We need to be aware of the Somogyi effect (51), this is increasing morning hyperglycemia despite increasing evening doses of insulin. It is coused by an undetected episode of hypoglycemia during the night leading to compensatory hyperglycemia caused by the excess glucagon and epinephrine from the reaction. If this occurs we need to decrease the evening insulin.. Follow up always needs to be done (52), since A1c measures average glucose over a 3 month period, the usual time period for follow up of the stable diabetic is every 3 months, more frequently if we are actively adjusting insulin doses.

Case Study No 1:
Obese Type 2 Diabetic with fasting hyperglycemia and elevated A1c. Diabetic for 9 years so Beta cell deterioration has been progressive for some time and insulin production is markedly decreased. Is on full therapeutic doses of all oral agents. Should start bedtime insulin titrating to achieve normal fasting glucose. Caution, as glucose levels return to normal , may develop daytime hypoglycemia and need a reduction in secretagogue (Glyburide dosage). Caution with concurrent use of TZD (Avandia) and insulin as the combination may predispose to fluid retention which may be refractory to furosemide, spironolactone may be a better diuretic choice.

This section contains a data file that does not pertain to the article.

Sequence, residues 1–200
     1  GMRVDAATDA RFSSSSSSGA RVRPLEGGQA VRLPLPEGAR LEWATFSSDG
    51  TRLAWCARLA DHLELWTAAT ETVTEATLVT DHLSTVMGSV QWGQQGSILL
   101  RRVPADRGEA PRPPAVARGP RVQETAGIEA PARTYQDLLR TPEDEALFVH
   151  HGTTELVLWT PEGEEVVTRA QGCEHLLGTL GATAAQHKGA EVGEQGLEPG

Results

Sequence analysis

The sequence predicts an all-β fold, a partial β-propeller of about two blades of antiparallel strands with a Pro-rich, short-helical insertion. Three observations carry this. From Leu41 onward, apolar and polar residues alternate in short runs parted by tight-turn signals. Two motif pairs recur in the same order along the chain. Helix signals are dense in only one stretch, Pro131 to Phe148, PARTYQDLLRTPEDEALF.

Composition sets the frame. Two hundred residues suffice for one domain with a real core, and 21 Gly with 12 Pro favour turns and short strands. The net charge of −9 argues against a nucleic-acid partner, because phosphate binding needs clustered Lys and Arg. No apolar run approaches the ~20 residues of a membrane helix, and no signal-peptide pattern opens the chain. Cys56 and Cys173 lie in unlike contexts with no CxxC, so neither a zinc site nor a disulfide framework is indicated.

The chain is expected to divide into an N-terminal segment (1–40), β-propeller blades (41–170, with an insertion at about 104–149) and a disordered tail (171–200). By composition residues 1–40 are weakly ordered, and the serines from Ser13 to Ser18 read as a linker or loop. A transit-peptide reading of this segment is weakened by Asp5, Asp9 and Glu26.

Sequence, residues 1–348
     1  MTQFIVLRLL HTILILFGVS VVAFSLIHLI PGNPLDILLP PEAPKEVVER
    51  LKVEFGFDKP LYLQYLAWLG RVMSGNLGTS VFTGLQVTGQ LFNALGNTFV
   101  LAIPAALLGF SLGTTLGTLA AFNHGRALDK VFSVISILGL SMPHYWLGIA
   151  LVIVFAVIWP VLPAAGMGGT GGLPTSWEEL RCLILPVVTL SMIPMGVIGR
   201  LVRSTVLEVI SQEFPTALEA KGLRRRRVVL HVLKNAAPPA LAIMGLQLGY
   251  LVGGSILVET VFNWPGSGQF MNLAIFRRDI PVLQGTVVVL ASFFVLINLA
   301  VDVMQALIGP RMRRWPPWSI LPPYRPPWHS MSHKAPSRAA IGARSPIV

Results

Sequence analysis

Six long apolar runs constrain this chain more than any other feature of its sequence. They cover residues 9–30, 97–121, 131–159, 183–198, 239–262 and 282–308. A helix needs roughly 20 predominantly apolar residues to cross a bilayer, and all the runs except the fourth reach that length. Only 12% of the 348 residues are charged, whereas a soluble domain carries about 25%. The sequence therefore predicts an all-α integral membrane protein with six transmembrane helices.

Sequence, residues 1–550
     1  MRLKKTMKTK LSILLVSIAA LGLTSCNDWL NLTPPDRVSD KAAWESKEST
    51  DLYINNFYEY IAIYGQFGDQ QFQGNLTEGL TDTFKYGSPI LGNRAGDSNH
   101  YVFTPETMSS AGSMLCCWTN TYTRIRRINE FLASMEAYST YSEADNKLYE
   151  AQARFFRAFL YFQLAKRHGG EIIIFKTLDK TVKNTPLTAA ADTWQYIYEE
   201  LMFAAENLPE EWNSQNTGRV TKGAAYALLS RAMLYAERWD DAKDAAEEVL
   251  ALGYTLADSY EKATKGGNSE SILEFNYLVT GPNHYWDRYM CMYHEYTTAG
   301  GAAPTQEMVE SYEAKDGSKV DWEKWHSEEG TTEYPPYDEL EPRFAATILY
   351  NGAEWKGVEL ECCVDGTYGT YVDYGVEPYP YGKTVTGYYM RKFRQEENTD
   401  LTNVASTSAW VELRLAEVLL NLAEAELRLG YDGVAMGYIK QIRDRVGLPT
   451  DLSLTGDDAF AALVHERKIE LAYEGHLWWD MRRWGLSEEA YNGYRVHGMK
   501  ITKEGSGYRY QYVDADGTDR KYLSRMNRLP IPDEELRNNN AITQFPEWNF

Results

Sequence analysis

Case Study No 2:
Slim elderly diabetic with longstanding disease. History of Cardiovascular disease. Appropriately treated with Gluconorm to decrease post prandial glucose (which increases cardiovascular risk). Fasting glucose is reasonably good. Length of disease suggests marked beta cell impairment, the hyperglycemia is mostly after meals. Mealtime short acting insulin analogue appropriate. Discontinue Gluconorm.